Seeing through the world’s eyes

I’ve been home sick with the flu today.

Having watched every single episode of every ghost show that exists on YouTube, I turned onto ABC iView to start watching Dumb, Drunk and Racist.

Growing up in a country town, you tend to know who most people are, and if you don’t know them individually, you at least know which family they come from. Racism in my town was and still is mostly limited to jokes, which aren’t aimed to hurt, but, quite obviously do.

I moved from this town when I was 18, and began living in Fairfield in Sydney, a suburb which, at that time anyway, had a large Lebanese population. I became extremely racist at that point in my life towards anyone who looked Middle Eastern, because I would have these Middle Eastern men following me in the shopping centre, asking me to have coffee with them. One of them followed me from shop to shop for two hours, continuously asking me the same thing.

Each day, waiting at the bus stop outside my house, in the five minutes I would be there, two and sometimes three separate cars of men of varying ages would pull over and say “come for a drive, baby”.

But the worst was the day I had to meet my then-partner at his job in Auburn. It was 4pm and I walked out of Auburn station. A car went past me in the same direction I was walking, called out to me, turned around and called out again, from the other side of the road.

They came back again and pulled up a few metres ahead of me. I ran across four lanes of traffic to get to the other side of the road, knowing that they hadn’t just pulled over to give me a friendly lift somewhere.

As I walked the footpath, lined with Colourbond fences that seemed taller than trees, the same car came speeding towards me and pulled into a driveway in front of me, blocking my path.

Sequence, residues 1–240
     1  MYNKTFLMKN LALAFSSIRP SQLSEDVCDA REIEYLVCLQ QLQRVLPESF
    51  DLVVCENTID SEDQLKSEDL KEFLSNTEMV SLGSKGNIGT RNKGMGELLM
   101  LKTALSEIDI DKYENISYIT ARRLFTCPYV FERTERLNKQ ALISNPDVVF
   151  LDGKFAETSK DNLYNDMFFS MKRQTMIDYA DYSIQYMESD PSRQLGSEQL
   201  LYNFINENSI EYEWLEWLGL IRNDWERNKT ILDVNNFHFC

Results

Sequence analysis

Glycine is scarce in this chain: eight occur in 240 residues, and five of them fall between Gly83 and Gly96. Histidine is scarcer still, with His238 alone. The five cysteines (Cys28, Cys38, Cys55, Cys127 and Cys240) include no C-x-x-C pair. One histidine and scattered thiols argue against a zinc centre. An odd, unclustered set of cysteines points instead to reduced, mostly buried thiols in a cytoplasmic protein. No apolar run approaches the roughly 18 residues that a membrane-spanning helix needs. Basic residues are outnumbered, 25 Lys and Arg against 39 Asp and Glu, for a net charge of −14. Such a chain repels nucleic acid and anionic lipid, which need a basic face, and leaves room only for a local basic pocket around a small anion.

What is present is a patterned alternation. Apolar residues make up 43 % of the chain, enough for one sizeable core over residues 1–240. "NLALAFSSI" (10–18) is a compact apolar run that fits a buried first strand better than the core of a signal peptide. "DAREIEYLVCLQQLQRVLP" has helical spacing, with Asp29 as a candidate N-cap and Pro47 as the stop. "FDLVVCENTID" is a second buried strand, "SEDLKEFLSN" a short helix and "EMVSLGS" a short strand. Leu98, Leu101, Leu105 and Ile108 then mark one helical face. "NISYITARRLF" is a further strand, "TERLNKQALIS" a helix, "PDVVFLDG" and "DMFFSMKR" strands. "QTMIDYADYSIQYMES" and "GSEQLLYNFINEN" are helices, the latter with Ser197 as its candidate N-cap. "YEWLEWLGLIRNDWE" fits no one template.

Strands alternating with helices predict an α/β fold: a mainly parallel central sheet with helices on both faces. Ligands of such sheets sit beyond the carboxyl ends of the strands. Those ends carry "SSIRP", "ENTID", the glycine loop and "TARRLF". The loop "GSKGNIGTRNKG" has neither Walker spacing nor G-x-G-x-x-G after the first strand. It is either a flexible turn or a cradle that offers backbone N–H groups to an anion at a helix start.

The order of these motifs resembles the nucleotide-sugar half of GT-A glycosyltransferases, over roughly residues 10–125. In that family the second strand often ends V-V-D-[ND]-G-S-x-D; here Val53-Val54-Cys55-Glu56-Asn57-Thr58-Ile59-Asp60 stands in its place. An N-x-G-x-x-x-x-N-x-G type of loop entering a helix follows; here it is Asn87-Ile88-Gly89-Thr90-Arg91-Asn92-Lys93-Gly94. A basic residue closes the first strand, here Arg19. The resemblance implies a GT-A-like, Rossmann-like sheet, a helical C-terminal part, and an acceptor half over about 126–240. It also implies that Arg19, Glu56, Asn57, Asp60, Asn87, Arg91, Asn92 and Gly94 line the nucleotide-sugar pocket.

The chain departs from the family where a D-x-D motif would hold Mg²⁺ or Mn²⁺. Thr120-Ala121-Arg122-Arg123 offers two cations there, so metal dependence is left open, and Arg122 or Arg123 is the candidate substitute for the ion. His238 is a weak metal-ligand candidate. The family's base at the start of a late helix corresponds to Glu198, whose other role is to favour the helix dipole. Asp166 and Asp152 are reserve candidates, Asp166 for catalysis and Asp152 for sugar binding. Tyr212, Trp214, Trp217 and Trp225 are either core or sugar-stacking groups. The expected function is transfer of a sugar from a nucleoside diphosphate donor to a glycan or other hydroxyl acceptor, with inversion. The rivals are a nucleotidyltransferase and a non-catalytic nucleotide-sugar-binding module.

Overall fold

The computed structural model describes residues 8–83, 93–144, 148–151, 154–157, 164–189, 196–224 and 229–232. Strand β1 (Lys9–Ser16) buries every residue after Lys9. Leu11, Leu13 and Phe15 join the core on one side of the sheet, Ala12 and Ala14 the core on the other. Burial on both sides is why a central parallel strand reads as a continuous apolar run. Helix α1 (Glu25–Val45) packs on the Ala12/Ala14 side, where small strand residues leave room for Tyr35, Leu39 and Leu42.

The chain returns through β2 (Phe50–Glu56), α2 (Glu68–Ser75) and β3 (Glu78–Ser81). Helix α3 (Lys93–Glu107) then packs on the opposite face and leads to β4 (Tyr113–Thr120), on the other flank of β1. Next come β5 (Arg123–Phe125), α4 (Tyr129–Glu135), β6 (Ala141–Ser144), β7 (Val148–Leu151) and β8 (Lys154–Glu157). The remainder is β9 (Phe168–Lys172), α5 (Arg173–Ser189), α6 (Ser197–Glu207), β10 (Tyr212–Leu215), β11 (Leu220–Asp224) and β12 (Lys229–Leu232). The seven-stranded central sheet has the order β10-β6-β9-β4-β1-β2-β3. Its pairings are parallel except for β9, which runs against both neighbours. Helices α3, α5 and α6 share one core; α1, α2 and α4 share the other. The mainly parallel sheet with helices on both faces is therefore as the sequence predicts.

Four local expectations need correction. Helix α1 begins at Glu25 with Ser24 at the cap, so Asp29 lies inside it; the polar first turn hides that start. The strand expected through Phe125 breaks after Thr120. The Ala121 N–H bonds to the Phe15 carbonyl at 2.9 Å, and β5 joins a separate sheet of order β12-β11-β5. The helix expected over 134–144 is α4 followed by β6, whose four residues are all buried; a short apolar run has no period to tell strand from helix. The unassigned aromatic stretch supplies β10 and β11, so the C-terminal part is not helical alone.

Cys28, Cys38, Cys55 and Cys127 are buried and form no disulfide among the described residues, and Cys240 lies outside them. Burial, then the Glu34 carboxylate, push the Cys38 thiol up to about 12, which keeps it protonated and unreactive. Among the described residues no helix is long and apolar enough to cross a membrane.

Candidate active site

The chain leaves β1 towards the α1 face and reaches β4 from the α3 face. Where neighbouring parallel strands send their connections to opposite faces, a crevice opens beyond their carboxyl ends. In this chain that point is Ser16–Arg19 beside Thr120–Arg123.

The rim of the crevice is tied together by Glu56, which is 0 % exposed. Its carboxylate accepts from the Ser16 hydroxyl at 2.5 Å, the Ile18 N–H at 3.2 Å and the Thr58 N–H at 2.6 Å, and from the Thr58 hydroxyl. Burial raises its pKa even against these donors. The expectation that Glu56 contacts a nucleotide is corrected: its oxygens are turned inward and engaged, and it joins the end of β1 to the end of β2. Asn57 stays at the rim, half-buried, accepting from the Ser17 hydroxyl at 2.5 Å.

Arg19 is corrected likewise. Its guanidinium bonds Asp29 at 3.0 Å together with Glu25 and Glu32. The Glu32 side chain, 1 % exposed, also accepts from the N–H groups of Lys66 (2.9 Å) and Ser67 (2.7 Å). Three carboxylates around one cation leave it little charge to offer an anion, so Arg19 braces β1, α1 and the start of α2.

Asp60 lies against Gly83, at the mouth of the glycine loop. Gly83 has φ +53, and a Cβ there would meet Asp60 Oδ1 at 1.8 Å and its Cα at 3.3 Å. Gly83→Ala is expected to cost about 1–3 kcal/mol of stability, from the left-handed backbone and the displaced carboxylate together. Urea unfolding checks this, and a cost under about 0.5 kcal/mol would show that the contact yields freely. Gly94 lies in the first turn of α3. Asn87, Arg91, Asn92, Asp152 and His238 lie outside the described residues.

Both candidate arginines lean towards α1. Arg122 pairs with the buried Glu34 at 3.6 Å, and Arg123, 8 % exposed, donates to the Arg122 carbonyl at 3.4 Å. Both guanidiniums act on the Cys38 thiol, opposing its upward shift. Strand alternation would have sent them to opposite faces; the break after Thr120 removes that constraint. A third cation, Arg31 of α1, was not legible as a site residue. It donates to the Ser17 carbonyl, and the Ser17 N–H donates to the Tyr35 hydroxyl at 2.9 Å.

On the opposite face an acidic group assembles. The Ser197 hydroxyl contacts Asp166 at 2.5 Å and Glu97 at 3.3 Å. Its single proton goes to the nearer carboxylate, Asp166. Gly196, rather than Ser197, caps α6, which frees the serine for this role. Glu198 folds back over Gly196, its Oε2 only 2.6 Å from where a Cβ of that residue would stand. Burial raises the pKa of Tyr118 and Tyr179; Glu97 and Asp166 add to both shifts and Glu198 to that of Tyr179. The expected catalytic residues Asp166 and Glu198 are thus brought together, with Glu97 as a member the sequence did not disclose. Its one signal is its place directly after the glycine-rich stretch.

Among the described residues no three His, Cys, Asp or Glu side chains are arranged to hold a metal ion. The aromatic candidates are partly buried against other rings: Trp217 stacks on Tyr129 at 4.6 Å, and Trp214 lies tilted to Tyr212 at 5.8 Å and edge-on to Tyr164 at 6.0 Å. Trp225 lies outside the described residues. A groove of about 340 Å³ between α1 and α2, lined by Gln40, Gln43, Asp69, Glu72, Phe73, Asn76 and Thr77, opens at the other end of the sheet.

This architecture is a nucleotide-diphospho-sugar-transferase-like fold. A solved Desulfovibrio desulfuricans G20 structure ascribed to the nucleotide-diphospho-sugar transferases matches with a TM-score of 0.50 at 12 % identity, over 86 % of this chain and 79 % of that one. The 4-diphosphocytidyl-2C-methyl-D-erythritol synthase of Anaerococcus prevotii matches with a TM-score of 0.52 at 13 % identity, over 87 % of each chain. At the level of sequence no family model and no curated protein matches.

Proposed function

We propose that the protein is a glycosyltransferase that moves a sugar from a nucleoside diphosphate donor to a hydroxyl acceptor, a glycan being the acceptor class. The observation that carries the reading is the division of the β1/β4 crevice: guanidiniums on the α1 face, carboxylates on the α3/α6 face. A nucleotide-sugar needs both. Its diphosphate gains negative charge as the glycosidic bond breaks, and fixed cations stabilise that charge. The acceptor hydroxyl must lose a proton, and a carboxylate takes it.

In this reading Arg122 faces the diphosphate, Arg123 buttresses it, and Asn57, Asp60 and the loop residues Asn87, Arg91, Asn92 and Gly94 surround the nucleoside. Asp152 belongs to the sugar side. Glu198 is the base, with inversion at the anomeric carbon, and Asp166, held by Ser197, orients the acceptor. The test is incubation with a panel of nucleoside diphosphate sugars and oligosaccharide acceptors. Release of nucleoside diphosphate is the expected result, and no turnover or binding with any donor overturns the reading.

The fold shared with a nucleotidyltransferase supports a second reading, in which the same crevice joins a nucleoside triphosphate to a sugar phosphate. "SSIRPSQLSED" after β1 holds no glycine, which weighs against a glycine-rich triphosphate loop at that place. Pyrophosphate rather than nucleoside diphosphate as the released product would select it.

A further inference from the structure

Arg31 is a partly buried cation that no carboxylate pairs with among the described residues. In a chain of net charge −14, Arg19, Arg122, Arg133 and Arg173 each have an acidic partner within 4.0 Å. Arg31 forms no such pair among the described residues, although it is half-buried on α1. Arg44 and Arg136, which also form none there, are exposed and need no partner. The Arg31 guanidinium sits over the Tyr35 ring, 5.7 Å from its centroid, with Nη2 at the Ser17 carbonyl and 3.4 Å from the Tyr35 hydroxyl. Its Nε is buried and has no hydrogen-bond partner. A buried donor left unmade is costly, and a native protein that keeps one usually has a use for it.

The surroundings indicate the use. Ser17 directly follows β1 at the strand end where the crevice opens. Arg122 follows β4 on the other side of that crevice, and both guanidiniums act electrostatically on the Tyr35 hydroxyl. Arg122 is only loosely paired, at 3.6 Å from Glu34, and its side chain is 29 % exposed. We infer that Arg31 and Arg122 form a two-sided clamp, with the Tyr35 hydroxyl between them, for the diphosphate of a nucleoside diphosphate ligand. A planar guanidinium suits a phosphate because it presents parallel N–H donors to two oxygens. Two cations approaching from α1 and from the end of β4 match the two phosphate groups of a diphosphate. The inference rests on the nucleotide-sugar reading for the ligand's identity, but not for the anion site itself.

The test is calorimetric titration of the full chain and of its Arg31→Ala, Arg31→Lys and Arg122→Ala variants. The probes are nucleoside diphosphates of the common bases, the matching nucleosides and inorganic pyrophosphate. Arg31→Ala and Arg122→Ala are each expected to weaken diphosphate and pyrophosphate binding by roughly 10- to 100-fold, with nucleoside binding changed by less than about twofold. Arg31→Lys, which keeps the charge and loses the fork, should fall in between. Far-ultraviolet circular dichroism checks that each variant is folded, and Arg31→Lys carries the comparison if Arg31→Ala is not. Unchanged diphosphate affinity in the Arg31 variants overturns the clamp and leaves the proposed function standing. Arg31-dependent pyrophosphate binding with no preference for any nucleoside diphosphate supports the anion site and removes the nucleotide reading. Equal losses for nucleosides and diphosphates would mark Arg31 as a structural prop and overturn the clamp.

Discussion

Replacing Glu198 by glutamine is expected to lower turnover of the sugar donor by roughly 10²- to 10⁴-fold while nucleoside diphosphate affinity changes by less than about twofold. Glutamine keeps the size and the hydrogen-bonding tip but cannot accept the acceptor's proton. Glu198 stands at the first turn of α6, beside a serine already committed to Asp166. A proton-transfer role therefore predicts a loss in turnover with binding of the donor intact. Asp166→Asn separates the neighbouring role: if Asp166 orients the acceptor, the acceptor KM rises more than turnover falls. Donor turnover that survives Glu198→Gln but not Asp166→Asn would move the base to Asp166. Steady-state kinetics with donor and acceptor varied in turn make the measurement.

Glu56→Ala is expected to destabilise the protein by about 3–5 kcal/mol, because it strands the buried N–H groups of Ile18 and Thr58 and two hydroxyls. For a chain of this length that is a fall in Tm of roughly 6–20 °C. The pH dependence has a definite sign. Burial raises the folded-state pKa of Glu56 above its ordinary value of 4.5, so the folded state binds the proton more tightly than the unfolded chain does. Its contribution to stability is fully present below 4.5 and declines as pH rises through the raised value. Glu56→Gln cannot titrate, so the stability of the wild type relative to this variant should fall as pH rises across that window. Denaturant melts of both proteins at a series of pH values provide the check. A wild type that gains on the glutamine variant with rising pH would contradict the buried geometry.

I had nowhere to go. The fences were too high, there was traffic coming along the road and I would have had to go near them to get past them.

The driver opened his door, stepped out and began calling me Sarah.

“Come on Sarah. Just get in the car. We don’t have time for this!”.

I instantly realised he was trying to make it look as though we knew each other and I was just being a troublesome woman. It reminded me of those teenagers who brutally killed that 2 year old boy after they stole him from a shopping centre. Witnesses had assumed he was their misbehaving little brother, and ignored his screams.

It wasn’t this realisation that made my blood turn to ice, though. It was the passenger, who laid his seat all the way back and laced his hands behind his head, giving me a grin that said “you can’t win”.

“I’m not Sarah! Leave me alone!” I was screaming.

All those imagination-games I’d played for years, where I’d practised self-defence and totally defeated my crazy-strong captors went right out the window. I had no idea what to do.

To this day, I don’t know what would have happened if some mechanics hadn’t heard me, and come out of their workshop to hunt the men away.

I called my dad and cried the rest of the way to that building. Broad daylight, a busy street and a girl still wasn’t safe to make that 30 minute walk.

After that, I tarred all Lebanese, or Middle Eastern men with that same brush. I was so full of anger, fear and hatred and it was exhausting and all-consuming.

Then I moved to Meadowbank, and became friends with the Lebanese couple who owned the woodfire pizza shop. The wife and I would sometimes catch the train into work together and laugh and joke about life. Two women of completely different backgrounds, and yet all our worries were the same: money, public transport issues, boyfriends…

I realised then that my ‘racism’ had not really been toward Middle Eastern people, but towards those Middle Eastern Men who had harrassed me, no different to the fear and anger I had felt in my tiny little home town the day that caucasian man asked me to go to the pub with him for drinks, and when I declined, got angry and told me he would pay me in cigarettes.

Watching Dumb, Drunk & Racist has had me in tears all afternoon, not just because I’ve been all three, but because I’ve always been someone who just wanted everyone to get along. I don’t understand why people do mean, nasty, hurtful things to other people.

Hearing the most heinous things come out of people who have the same accent as me makes me sick. Who has the right to abuse anyone else, in any way? What gives many Aussies the idea that they are better than anyone else? That their rights are more important than those of any other man, woman or child?

I have no answers whatsoever, but while I know that I’m going to spend every single episode of this show sobbing over the sights I will see, I am glad this mirror is being held up to our country so we can stop denying the ugly parts of our culture, whilst berating others about theirs.

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